Malcolm Forbes, Ryan Anderson: Jagger a poster boy for Darwinian peacock theory

Mick Jagger.
Mick Jagger.

What is it that makes rockstars so attractive to the opposite sex? Turns out Charles Darwin had it pegged years ago - and it has a lot to do with peacocks.

Darwin suggested natural selection can occur by individuals out-producing others in a population, through enhanced ability to secure a mate. He used the ornate peacock plumage and bird songs to exemplify this concept.

The existence of the tail reflects the fact that it plays a major role in attracting the peahen, allowing greater numbers of offspring that inherit the genes for a long colourful tail from their father.

Sexual selection in humans, as in peacocks, is predominantly at the discretion of females. The prevailing explanation behind this is the Bateman Principle - male reproductive success increases with the number of mates, whereas female reproductive success does not.

Thus males compete with each other for female mates and females mate only with the males they prefer.

This mechanism of sexual selection is termed intersexual selection.

Conflict and physical violence between male members of a species is called intrasexual selection.

Studies in the US and France where male and female confederates approached members of the opposite sex and requested "Will you come over to my apartment?" and "Would you go to bed with me?", found that the majority of male respondents were willing to comply with a sexual proposition from an averagely attractive female. But zero of the female respondents in the American study and only one of the female respondents in the French study were willing to go to bed with a male they had just met.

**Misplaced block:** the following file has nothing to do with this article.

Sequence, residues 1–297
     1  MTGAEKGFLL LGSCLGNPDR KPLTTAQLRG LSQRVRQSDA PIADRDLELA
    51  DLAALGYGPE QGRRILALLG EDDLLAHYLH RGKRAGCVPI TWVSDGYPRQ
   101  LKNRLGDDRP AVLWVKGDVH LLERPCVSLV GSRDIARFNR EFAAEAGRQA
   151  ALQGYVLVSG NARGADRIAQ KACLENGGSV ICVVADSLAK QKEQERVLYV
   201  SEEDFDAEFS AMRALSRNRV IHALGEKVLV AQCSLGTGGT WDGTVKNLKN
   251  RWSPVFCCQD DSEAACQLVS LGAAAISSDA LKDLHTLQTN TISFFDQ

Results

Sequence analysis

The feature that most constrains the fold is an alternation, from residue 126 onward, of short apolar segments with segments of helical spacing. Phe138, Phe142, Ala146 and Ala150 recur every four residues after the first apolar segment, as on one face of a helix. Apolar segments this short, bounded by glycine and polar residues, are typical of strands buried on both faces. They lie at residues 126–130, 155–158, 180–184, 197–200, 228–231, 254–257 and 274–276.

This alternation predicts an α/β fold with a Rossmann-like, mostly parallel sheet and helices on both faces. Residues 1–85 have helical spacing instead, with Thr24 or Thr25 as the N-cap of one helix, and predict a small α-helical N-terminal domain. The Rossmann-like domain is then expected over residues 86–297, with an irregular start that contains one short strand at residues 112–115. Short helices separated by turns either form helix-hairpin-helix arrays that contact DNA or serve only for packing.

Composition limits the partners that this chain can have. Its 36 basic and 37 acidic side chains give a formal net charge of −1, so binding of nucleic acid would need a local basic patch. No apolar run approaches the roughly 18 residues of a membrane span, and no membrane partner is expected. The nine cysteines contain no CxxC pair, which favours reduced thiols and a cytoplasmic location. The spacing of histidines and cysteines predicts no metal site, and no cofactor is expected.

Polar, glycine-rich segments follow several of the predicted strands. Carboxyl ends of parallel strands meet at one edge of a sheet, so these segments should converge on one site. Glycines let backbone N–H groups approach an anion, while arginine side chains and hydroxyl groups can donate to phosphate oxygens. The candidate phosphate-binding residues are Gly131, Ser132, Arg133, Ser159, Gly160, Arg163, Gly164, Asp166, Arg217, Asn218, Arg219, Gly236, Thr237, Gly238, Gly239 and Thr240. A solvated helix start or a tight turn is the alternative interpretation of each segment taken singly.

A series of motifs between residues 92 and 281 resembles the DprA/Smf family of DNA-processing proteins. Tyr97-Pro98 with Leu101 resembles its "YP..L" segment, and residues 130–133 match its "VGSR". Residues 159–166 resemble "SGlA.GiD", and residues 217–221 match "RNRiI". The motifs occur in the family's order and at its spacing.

The authors interpret the findings as evidence of men's eagerness for sexual relationships, and women's association of higher risk with having a sexual liaison.

But it seems men can increase their chances by holding a guitar.

Evidence suggests music arouses feelings of euphoria and craving through dopamine release in the striatal system. Men who can play music display specific adaptive qualities, demonstrating excellent physical co-ordination and learning capacity. Akin to a peacock fanning its plumage or a songbird vocalising, a strutting male rockstar generates an aesthetically and aurally pleasing performance.

He is producing something that is mentally gratifying to others, and appealing to the opposite sex. Mick Jagger and Jimi Hendrix were known for their musical ability, narcissism and sexual escapades.

Charles Darwin's words ring true for male rockstars: "Musical notes and rhythm were first acquired by the male or female progenitors of mankind for the sake of charming the opposite sex."

Malcolm P Forbes is an adjunct lecturer and Ryan Anderson a PhD candidate at James Cook University.

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